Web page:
The video site’s renewed call on users to help enforce its community guidelines by flagging inappropriate content on the platform comes hot on the heels of YouTube’s apparent demonetization of some videos for content considered unfriendly to advertisers.
Empowering the YouTube community to use the flagging feature located beneath every video and comment will help “keep YouTube a platform where openness and creative expression are balanced with responsibility,” the Google-owned video site said on the official YouTube blog.
Among some of the community guideline no-nos are:
- No spam, misleading descriptions, tags, titles or thumbnails in order to increase views.
- No copyright infringing content. Only upload videos that you made or are authorized to use.
- No predatory behavior, stalking, threats, harassment, intimidation, invading privacy, revealing other people’s personal information, and inciting others to commit violence.
- No posting videos that encourage others to do things that might cause them to get badly hurt, especially kids.
“We have trained teams, fluent in multiple languages, who carefully evaluate your flags 24 hours a day, seven days a week, 365 days a year in time zones around the world. They remove content that violates our terms, age-restrict content that may not be appropriate for all audiences, and are careful to leave content up if it hasn’t crossed the line,” announced the video-sharing site on the YouTube blog.
How Flagging Content on YouTube Works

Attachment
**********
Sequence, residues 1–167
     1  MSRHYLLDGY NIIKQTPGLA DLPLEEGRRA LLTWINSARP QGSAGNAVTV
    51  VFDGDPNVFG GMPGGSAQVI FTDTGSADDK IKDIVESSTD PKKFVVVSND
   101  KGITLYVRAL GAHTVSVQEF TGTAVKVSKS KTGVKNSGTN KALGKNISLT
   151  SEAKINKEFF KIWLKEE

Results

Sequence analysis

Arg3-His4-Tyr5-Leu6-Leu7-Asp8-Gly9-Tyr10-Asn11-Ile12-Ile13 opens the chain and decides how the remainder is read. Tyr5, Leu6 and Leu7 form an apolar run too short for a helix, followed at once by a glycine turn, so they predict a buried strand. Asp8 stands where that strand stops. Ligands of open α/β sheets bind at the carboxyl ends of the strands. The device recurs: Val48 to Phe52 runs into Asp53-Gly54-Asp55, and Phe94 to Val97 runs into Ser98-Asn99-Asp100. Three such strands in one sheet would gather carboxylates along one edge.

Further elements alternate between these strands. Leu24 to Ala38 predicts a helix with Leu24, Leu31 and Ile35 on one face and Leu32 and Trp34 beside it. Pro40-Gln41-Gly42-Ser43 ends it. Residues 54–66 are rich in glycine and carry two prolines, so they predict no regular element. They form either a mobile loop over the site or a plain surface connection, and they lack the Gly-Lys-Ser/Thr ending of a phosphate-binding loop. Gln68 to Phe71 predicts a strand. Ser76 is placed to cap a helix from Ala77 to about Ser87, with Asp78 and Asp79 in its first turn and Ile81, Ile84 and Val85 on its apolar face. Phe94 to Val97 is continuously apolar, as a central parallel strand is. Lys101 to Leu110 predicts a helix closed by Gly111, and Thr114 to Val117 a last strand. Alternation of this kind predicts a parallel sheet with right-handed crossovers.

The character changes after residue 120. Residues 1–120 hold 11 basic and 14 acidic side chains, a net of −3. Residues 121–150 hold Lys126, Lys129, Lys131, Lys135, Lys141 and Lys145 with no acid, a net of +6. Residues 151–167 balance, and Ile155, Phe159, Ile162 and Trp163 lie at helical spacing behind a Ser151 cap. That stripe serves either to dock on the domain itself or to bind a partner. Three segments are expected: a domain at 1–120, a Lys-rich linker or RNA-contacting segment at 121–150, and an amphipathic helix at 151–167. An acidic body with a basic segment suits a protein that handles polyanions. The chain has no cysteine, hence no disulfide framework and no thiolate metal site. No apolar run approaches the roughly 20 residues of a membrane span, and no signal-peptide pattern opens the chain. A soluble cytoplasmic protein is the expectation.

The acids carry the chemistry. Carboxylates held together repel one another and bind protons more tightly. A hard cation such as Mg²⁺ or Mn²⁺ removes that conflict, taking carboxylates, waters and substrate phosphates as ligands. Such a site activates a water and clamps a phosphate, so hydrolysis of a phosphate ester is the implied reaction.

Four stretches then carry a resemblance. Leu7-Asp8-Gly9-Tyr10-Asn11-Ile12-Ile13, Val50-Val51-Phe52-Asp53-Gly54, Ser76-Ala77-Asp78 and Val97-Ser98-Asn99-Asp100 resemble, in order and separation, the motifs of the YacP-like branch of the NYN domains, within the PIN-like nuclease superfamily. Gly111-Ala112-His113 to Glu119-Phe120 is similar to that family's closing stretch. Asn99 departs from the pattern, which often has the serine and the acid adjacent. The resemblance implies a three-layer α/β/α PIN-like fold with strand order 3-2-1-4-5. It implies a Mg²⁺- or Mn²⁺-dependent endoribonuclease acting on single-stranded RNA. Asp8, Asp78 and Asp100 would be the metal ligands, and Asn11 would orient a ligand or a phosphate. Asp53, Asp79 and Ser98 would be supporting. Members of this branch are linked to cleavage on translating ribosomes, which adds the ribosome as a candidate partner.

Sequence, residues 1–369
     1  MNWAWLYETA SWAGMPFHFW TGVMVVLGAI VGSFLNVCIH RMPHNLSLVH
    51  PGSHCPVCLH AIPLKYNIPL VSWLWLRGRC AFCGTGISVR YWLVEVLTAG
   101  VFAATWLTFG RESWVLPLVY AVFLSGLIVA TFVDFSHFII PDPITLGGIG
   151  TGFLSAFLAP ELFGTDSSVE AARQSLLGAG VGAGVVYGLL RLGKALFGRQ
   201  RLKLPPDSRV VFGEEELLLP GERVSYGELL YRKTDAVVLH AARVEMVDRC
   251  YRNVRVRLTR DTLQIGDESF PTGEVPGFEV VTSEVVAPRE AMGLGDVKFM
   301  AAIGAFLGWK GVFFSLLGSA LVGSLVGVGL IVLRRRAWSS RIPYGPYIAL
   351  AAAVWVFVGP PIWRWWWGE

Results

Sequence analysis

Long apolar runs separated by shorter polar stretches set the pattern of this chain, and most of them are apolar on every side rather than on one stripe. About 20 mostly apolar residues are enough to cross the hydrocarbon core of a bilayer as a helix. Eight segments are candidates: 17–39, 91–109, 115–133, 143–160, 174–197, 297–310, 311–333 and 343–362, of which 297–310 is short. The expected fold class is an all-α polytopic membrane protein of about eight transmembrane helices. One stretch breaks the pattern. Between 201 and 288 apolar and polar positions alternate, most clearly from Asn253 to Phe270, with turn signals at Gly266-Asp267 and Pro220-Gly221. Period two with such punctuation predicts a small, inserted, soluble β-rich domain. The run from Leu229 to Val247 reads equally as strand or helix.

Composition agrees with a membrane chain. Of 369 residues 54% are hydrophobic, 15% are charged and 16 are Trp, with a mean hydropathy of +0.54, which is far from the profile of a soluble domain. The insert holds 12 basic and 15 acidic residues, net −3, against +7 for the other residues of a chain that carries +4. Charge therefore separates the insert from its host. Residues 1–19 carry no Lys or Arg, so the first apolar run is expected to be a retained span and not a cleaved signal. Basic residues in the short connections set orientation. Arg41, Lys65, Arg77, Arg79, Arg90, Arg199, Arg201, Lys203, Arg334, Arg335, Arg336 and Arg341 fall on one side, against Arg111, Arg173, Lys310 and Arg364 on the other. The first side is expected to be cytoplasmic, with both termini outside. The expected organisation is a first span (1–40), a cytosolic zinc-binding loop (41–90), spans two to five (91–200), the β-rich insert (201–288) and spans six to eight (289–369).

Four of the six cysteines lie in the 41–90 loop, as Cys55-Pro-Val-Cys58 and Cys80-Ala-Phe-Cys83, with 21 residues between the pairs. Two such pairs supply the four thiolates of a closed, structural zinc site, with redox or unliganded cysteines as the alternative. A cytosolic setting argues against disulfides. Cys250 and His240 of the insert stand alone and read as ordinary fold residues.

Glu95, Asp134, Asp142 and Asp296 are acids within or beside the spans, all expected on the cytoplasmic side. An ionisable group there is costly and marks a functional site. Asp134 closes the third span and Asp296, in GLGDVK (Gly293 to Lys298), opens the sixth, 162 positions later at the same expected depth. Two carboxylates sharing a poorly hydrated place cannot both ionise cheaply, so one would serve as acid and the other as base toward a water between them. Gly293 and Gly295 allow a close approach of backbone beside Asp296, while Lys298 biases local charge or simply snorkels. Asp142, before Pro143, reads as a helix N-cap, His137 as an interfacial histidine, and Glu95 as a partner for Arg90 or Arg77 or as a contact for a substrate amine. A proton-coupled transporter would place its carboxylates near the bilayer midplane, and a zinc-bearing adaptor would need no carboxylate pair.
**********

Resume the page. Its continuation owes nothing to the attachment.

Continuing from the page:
When flagging, any user from anywhere in the world can report which policy they think a video violates, from spam and sexual content to harassment and violent content, YouTube said. This in turn helps the video site’s team to route and review flagged content more efficiently and effectively:
Interestingly, over 90 million people have flagged videos on YouTube since 2006 — that’s more than the population of Egypt, according to YouTube. And over a third of these people have flagged more than one video. “As YouTube grows, the community continues to be very active in flagging content: the number of flags per day is up over 25 percent year-on-year,” stated the video company.
What this notable rise in flagging activity and renewed push to encourage it really means is that small business owners who depend on YouTube for their revenue need to be increasingly careful not to accidentally violate the video site’s guidelines. There have been reports that the YouTube complaints-appeals system is not particularly great. Apparently, YouTube users who get flagged and appeal a complaint can easily get trapped in a confusing automated system that can be quite inconveniencing.
Not all flagged content automatically gets removed, though. YouTube says it also takes into account local laws in the countries where it operates and if they receive a valid legal notice that content violates a local law, they will restrict that content in the local country domain.
“We hope this additional transparency will help you continue reporting responsibly,” the video platform said.